Thursday, 5 August 2010

Morellino di Scansano

Ah, Sangiovese. What a wonderful grape.  With its high acidity, gripping tannins and rasping red cherry fruit it produces wines that positively demand to be drunk with food. For decent quality Chianti coming in at about a tenner, pasta with tomato sauce or some flash-fried pork chops with a squeeze of lemon is the kind of thing we're talking about here.

The heartland of Sangiovese is the Tuscan Hills, where it's the main or only variety in the three best appellations devoted to the grape; Chianti Classico, Brunello di Montalcino and Vino Nobile di Montepulciano.  Unlike most wines from Sangiovese, which are usually medium bodied and relatively light, the wines from these prized appellations can be highly concentrated, complex wines designed for long ageing (particularly Brunello).

One of the lesser known incarnations of Tuscan Sangiovese is a slightly more modest wine, found around the town of Scansano near the Maremma coast. In these parts the locals call their particular strain of the great variety Morrelino, hence the name of the wine - Morellino di Scansano. Whether it's down to the particular clone of Sangiovese, the climate, the soil or a combination of all three, the wines here are approachable sooner than wines of similar quality from the Tuscan Hills and are particularly packed with juicy cherry fruit yumminess.  This means that if you were to buy wine from Tuscany in a good vintage (2004, 2006 and 2007 all being excellent), then getting some Morellino as well as some high-end Chianti Classico would give you a large drinking window, with the Morellino being at its best a good year or more before the Chianti (depending on the stature of the latter).  Following my own rule I bought a few cases from Tuscany in 2006, which was a blinding year for the region. Consequently I'm now enjoying the Morellino whilst the Chianti (Classico and Rufina) are maturing nicely.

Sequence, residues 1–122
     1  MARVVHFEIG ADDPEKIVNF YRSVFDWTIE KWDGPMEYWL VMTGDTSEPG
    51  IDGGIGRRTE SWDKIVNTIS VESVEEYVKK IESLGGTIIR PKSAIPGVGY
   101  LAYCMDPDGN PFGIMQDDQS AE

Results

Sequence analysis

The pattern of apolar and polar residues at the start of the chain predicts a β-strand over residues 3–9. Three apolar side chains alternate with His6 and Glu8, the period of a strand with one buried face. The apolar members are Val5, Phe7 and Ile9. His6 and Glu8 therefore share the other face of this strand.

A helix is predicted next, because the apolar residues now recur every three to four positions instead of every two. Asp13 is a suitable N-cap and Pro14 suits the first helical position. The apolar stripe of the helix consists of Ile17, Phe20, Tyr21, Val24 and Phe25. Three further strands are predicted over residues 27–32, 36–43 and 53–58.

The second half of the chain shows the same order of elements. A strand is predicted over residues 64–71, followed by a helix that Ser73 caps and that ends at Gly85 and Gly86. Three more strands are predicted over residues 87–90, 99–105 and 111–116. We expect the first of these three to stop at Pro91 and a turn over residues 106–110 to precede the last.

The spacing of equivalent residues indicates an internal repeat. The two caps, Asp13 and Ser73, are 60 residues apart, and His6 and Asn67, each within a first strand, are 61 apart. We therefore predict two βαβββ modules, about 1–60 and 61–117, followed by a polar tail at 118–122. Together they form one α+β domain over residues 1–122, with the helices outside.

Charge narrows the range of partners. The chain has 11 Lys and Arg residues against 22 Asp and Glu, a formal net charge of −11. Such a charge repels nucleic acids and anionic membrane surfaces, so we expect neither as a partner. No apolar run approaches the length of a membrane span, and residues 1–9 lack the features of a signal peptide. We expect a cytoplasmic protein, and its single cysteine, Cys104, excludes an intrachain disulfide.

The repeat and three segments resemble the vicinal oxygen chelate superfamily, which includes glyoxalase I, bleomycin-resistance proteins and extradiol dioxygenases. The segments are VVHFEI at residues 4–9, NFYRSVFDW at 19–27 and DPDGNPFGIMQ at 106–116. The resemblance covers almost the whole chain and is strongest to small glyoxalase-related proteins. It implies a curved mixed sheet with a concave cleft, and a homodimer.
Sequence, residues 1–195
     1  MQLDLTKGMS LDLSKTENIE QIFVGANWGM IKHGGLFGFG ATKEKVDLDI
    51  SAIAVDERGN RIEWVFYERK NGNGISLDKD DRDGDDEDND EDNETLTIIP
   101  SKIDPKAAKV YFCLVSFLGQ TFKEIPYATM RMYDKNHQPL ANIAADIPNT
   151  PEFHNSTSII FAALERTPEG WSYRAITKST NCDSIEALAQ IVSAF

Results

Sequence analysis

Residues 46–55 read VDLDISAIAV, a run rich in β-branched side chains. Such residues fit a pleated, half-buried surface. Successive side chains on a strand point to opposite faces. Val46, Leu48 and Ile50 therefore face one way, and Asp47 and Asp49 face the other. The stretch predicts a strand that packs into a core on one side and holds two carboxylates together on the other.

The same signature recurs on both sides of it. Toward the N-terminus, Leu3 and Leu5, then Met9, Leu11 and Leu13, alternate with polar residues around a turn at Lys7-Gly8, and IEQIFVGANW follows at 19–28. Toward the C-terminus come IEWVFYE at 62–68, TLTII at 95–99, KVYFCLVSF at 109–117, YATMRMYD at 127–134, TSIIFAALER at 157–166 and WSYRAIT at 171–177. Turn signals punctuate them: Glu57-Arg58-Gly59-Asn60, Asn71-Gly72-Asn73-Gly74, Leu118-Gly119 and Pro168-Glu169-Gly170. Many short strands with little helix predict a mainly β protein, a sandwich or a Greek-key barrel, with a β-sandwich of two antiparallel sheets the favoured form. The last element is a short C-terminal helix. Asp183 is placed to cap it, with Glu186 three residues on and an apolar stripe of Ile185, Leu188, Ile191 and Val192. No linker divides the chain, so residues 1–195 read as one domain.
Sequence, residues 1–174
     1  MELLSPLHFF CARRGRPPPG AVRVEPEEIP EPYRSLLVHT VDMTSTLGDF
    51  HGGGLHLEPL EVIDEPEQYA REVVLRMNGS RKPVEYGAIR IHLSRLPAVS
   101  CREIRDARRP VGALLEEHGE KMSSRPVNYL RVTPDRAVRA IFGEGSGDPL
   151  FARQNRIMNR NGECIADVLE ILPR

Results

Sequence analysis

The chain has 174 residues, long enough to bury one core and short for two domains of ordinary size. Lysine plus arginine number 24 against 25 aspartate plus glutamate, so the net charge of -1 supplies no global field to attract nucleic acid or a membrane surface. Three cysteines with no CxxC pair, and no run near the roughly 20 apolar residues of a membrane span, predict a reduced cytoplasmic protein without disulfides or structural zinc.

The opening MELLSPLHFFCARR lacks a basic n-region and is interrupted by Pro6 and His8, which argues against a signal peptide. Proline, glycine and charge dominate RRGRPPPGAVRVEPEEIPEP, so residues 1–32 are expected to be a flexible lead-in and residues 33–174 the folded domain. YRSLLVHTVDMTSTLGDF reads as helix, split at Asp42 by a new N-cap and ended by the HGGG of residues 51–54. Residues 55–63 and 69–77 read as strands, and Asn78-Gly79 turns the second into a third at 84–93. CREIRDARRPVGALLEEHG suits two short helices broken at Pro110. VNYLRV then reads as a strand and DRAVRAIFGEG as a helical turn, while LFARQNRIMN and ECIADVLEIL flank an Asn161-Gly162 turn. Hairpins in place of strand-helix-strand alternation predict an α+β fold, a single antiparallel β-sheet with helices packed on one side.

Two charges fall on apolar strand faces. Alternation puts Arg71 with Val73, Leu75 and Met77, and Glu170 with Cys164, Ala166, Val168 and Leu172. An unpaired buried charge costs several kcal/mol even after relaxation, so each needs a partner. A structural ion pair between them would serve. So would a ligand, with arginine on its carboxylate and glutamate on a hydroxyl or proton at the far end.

This week I had a bottle of Morellino from the producer Lohsa (owned by Poliziano, one of the leading Vino Nobile houses).  With a Spaghetti Amatriciana it was all one would hope for; succulent, juicy, lots of delicious red fruit, but with a great backbone of acidity and tannin to perfectly complement the food.  Yum yum.  I'm very glad to have most of the case left, but it's going to be hard not to snuffle it all up this summer.  It came from Majestic for about £9 but I'm afraid they've all run out.  However, keep your eyes open for the 2007, which was also a great year in Tuscany and should available very soon.

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